Shana Tova greetings from the past
Artist Moshe Cagan was born in Poland in 1922, survived the Holocaust and made aliyah in 1948. In Israel he painted the homeland's landscapes with water, acrylic colors. Over the years, they became Jewish New Year greetings and were displayed in Israel and worldwide. Here's a peek into the Land of Israel through a paintbrush
"I've been painting ever since I can remember. The reason: I was born in a charming city, which has fortresses in its landscape and a town in the bottom of a narrow valley. I lived next to a mountain covered with forests, where I used to run for a few minutes to reach the end of the forest where a fortress was located.
"Upon the breakout of World War II, and following the Molotov–Ribbentrop Pact, the city was annexed to the Soviet Union and a Soviet oppression regime began.
'In 1940 I traveled to the oil city of Baku, next to the Caspian Sea, where I worked as a dental technician – a profession I acquired during my studies. There I also painted, including leaders of the Soviet Union, which enabled me to make enough money to send to my parents.
"When the Nazi offensive on the Soviet Union began in 1941, my situation worsened as I was an "unsafe element", and I was exiled to a port city called Krasnovodsk in Turkmenistan. From there I tried to escape with soldiers of the Polish Andres Army to Iran, but to no avail.
"In 1941 my city was conquered by Germany, and the Jews were put in a ghetto. In 1944 the Soviet Union liberated my city from the Nazi horror.
"When the democratic polish army was assembled in 1943, I joined its ranks as a scout and fought with it until we took Berlin. It was then that I learned my family had perished in the Holocaust.
"In 1946 I was released from the army and joined the ranks of Hashomer Hatzair movement and its reestablishment. I immigrated to Israel in 1948 and joined Kibbutz Shamir, where I live with my family to this very day."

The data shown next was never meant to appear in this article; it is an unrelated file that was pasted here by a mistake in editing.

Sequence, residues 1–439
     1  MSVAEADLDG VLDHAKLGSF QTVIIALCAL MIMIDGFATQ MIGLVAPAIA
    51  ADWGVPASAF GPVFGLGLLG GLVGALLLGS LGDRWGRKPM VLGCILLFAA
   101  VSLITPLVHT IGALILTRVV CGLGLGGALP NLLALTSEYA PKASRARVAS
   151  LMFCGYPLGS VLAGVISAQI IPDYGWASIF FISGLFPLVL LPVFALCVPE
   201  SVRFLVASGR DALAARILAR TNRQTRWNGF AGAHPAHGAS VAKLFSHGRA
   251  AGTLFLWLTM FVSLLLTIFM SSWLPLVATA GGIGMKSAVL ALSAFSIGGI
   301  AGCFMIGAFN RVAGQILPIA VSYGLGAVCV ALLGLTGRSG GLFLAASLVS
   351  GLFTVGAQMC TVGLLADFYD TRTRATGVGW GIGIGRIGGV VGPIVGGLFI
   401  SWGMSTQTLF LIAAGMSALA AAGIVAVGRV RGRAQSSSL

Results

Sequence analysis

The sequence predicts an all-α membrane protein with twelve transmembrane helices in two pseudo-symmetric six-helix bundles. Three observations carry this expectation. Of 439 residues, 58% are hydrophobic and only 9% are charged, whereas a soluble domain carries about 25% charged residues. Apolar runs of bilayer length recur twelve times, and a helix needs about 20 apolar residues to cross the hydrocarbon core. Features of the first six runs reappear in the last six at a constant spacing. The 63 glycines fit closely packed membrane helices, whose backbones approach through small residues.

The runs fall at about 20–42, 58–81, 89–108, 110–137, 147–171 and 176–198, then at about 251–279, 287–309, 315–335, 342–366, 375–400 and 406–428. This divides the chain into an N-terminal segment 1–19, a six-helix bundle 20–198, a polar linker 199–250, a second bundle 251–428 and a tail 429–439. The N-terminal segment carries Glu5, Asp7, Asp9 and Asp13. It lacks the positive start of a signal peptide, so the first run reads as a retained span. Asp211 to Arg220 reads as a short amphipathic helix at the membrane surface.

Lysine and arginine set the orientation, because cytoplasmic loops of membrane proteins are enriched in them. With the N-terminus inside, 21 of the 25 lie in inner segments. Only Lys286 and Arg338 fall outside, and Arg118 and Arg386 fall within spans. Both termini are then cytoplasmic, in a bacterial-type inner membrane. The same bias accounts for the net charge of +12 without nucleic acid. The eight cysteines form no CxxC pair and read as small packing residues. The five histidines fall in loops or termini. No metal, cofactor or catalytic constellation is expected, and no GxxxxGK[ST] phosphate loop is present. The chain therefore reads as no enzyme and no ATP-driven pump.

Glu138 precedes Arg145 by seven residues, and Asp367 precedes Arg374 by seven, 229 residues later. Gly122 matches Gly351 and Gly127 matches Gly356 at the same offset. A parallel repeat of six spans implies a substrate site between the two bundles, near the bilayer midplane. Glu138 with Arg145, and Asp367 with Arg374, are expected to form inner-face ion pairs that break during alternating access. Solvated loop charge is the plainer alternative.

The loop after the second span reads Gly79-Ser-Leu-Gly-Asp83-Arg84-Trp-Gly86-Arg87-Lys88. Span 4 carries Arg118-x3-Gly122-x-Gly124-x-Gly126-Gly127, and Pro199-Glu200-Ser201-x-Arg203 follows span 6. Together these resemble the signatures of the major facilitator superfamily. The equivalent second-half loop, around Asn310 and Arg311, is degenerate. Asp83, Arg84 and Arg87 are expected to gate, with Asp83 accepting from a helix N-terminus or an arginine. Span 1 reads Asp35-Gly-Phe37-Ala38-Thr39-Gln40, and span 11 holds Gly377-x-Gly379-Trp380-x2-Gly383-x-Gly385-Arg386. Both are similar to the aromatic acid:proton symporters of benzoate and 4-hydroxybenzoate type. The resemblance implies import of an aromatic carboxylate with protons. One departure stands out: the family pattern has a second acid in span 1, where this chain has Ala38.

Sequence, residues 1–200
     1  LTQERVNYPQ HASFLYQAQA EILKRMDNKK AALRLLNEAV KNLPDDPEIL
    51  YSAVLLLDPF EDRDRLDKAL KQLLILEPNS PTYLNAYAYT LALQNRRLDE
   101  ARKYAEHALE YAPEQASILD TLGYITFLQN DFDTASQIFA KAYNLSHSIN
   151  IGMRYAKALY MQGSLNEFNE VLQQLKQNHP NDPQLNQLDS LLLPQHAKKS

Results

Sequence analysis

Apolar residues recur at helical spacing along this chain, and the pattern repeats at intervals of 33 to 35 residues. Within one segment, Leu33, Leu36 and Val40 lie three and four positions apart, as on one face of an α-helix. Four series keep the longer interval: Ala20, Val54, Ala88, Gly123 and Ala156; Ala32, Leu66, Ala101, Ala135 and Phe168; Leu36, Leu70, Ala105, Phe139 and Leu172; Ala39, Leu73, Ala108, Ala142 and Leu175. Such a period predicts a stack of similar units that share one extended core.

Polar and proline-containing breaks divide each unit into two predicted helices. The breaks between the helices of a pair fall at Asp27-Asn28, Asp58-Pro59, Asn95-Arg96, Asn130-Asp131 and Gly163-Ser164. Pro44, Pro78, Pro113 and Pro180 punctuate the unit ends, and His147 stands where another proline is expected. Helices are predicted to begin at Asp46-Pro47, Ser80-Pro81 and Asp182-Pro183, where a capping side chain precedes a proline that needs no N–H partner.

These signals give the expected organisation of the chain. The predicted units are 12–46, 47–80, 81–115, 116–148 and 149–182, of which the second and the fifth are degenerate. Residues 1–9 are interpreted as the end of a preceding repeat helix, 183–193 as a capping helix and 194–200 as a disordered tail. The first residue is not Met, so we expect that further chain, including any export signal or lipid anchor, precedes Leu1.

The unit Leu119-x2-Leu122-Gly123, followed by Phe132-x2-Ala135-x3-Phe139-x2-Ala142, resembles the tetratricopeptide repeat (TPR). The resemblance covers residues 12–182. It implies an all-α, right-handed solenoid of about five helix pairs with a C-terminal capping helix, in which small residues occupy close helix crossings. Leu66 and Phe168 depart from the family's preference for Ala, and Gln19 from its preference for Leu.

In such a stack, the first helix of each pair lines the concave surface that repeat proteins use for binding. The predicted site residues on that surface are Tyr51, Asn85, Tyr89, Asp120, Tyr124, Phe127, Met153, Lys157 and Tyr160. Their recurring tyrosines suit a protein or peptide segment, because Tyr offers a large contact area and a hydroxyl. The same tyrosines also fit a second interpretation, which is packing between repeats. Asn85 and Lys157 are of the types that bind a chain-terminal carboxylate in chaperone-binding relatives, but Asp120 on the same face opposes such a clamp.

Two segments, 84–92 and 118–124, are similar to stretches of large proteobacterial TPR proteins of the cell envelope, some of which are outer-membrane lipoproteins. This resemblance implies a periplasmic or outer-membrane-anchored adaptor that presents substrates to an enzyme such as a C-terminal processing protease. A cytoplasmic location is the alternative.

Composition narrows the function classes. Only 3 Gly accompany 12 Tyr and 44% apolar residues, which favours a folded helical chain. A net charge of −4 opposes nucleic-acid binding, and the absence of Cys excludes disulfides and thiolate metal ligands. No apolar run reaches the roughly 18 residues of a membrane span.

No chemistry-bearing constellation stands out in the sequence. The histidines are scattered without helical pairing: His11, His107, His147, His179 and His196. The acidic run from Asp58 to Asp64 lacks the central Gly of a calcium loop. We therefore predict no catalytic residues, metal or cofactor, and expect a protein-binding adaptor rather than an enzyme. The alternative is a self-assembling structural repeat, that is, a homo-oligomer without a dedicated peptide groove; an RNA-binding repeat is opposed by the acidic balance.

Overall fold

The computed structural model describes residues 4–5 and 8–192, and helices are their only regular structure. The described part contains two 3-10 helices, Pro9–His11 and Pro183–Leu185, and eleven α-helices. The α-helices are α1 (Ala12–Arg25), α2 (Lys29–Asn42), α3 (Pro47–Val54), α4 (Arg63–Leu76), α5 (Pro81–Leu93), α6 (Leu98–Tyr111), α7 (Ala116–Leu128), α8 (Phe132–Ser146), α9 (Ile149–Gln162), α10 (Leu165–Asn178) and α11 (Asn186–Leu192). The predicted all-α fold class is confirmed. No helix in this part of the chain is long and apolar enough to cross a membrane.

Moshe loves to paint with water, drawing and acrylic colors. The Galilee landscape appears often in his paintings, so some of them were used for Jewish New Year greetings. The different High Holidays at the kibbutz were decorated with Moshe's paintings. Exhibitions of his paintings were displayed in Israel and worldwide.
I would like to thank Nava, Moshe's daughter, for sending me a selection of his paintings and telling me about them.
1. Warsaw, 1945. Moshe in uniform
2. 1946. Moshe (R), ahead of his release from military service
3. 1946, Moshe leads the Hashomer Hatzair clubhouse in the Silesia region in Poland
4-5. Moshe's drawings for the book of the city of Kremenets. In March 1942 the Germans and Ukrainians assembled some 9,000 of the residents of Kremenets and its surroundings in a ghetto in the city. About 1,500 were taken to forced labor and the rest were executed in August 1942, including members of the Cagan family. Only 20 of Kremenets' Jews survived the war
6. "Hope" – a woman waits for her husband to return from war
7. Landscape in the Golan Heights
8. The Sea of Galilee, Tiberias
9. Landscape near the Sea of Galilee
10. View from Mount Canaan
11. Mount Hermon
12. Jordan River
13. View of Safed mountains
14. Sea of Galilee
15. Fields in the valley
16. Fish ponds
17. A corner in Safed
18. Stained glass created by Moshe in black and white. The color was added later on
19. Shana Tova drawing in water color with the Seven Species